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Mice/New mice, nipping?


Hi again!
So I was going to make a follow up question, but Fawn seems much healthier. We've been giving her a little bit more treats, and she definitely doesn't look as 'shaggy,' but I never see her clean herself still.

We recently adopted two female mice, both black, Cola (who is longhaired) and Smokey (who is short-haired).

They're both very different, and I have a few problems. Cola is afraid of people. As soon as I walk towards the cage, she darts to her wheel, where she continues to run for at least 5 minutes. She's very skittish.

Smokey seems very interested when I put my hand down to pick up Fawn, but when I let her sniff, she nips. First, she lightly nips, then she starts biting harder. She hasn't drawn blood yet, though.

I also want Cola and Smokey to start grooming Fawn, but they don't really groom her, unless she's been handled. After I put Fawn back in the cage, Smokey starts sniffing her but doesn't really groom either.

Hope you can suggest some solutions!

Anyway to solve these problems?

Hi Michelle,

I'm glad Fawn is doing better!  It's actually great that Cola runs on her wheel when you walk near.  It's better than hiding all the time!  Young mice have a ton of energy, so it's a good thing that she's choosing to play when you are near.  She may take some time before she can be handled, but it's a good start.

It's important to deter biting with Smokey without frightening her further.  There are a few things you can try for that and just see what works for her.  First, always wash your hands with unscented soap before handling them - you might smell like food you've touched anywhere in the last couple of hours!  Second, I'm not sure how your cage is set up, but it's always better to approach your hand from the side, rather than from above, which can be interpreted as a threat/predator.  The best way to keep her from biting is to remove your hand immediately after she's sniffed it, BEFORE she has the chance to nip.  Let her smell you, then slowly and calmly remove your hand from the enclosure.  Offer a treat (to all three of course) after each time you do so and she doesn't nip.  If she nips, calmly remove your hand, don't offer a treat, and walk away to try again later on.  Letting her nip or bite will make it her go-to behavior to get rid of you, so definitely don't let it get that far if you can help it.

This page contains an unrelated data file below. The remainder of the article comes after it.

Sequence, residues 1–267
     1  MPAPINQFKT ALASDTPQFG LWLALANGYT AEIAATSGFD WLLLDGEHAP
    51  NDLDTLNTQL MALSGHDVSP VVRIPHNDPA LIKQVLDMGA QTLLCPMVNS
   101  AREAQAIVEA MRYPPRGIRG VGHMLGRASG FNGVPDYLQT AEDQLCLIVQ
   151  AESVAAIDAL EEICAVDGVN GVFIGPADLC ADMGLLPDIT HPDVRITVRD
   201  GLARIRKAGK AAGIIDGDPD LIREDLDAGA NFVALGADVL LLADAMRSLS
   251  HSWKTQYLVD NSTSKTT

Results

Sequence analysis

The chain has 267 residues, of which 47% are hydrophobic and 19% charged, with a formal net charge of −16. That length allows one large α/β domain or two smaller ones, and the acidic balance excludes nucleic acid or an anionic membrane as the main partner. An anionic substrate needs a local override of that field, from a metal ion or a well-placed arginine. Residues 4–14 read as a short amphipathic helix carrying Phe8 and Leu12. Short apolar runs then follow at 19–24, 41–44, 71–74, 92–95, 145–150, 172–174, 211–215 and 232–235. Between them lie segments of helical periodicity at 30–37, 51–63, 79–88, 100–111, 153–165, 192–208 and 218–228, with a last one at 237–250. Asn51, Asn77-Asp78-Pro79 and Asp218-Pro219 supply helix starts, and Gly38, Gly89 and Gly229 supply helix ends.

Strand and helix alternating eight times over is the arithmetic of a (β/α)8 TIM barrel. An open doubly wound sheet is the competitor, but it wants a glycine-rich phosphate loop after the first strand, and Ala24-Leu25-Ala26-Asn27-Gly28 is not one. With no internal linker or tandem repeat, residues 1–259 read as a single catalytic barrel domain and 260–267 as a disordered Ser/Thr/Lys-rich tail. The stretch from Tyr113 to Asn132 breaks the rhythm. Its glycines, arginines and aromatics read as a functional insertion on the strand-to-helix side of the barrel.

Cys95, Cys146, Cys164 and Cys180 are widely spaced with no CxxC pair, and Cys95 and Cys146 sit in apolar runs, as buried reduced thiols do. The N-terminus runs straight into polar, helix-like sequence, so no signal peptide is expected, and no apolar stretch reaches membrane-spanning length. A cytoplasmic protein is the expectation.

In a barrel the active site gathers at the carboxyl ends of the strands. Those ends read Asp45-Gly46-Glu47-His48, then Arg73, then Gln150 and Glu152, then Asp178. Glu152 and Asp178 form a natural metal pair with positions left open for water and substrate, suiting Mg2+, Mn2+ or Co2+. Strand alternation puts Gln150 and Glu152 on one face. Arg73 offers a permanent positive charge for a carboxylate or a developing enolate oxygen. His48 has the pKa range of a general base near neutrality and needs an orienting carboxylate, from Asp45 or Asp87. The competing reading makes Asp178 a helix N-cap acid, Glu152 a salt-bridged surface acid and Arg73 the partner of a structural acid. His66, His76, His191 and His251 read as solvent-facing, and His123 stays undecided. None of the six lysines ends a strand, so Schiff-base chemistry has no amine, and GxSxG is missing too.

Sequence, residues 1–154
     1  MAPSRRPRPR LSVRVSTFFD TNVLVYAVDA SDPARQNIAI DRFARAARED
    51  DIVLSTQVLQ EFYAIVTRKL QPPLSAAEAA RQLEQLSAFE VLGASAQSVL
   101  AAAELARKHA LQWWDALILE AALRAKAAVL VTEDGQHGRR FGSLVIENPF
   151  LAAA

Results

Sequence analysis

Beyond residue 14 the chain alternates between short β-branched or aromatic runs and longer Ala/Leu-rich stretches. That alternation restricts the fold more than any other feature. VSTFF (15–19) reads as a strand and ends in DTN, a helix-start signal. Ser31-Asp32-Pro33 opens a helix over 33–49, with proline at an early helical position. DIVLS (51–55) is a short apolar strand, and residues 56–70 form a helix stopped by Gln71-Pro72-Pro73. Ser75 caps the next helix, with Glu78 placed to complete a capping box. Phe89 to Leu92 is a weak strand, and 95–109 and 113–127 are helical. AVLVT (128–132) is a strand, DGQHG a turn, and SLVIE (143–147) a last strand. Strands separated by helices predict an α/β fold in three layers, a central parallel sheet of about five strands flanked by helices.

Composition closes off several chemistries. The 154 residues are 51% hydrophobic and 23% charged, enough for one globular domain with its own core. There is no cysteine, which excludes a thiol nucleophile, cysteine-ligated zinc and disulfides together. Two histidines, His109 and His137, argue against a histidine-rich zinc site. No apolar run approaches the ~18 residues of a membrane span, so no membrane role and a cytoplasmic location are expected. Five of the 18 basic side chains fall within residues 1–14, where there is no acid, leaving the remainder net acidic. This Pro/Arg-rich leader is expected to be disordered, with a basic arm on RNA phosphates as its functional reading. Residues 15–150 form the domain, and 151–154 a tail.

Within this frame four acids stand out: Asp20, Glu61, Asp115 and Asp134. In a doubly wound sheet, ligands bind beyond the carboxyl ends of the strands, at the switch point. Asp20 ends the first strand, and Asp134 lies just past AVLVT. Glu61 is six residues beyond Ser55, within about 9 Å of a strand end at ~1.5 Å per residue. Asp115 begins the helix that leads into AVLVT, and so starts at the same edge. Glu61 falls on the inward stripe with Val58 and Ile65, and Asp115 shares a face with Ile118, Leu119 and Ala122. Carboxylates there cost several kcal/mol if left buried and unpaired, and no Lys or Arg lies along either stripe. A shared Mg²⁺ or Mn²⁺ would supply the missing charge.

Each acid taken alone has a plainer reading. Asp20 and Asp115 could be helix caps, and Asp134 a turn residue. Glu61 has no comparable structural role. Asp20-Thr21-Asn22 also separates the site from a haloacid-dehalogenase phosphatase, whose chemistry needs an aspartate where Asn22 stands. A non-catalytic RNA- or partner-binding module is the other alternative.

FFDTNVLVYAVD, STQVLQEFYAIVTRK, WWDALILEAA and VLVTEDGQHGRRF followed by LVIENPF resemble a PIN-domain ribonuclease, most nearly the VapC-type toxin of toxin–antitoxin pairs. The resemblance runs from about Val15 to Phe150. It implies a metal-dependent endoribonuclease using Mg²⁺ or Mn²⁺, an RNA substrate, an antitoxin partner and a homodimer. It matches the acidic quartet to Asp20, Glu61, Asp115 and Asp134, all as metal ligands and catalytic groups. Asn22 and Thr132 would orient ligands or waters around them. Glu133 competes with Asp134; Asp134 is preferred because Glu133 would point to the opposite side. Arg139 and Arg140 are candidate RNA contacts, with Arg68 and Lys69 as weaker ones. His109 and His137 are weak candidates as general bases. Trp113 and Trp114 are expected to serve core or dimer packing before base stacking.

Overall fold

How long have you had them?  Mice need a week or two to settle in before they are comfortable enough to start much playtime, so if it hasn't been very long, consider reducing how much you interact with Fawn just for a little while they get to know everything.

As far as grooming, most of that is going to happen when you aren't watching, or in the middle of the night when the lights are off and they are most active.  It's okay to not see mutual grooming - I guarantee it will happen at some point, just maybe not when you can see it!

Best of luck, and let me know if you have any other questions!


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I can answer questions regarding mice as pets, mouse behavior, color and coat genetics, breeding techniques, and general health questions. I can help with caging and setup, nutrition, social issues, and what to do in most mouse emergencies (such as unplanned litters, injuries, fighting, etc.). I can also assist with questions pertaining to orphaned mouse pups, weaning litters, and questions of mating and birthing. I cannot answer questions about exotic or wild varieties of mice such as spiny or pygmy mice. *****FOR EMERGENCIES, anything requiring immediate medical intervention, PLEASE take your mouse to a professional veterinarian or wildlife rehabilitator who works with mice as soon as possible! IMPORTANT RESOURCES: Raising Orphaned Mice: Orphaned Mice Videos: Natasha's Your First Mouse: General Mouse Help: Mouse Info and Exotic Breeds:


I have enjoyed the companionship of mice nonstop since 2004, and spent a year caring for them in a lab where I learned a great deal about their breeding, social needs, and health. I spent a few years breeding them, specifically working with albinos, marked mice, angora mice, and satins. My education never stopped - I am learning something new every day from current and well-established research thanks to the wonderful folks at the Jackson Laboratory, as well as from my wonderful mousey friends online. I also love learning from my terrific questioners here on AllExperts - you folks keep my passion for these amazing animals alive and well!

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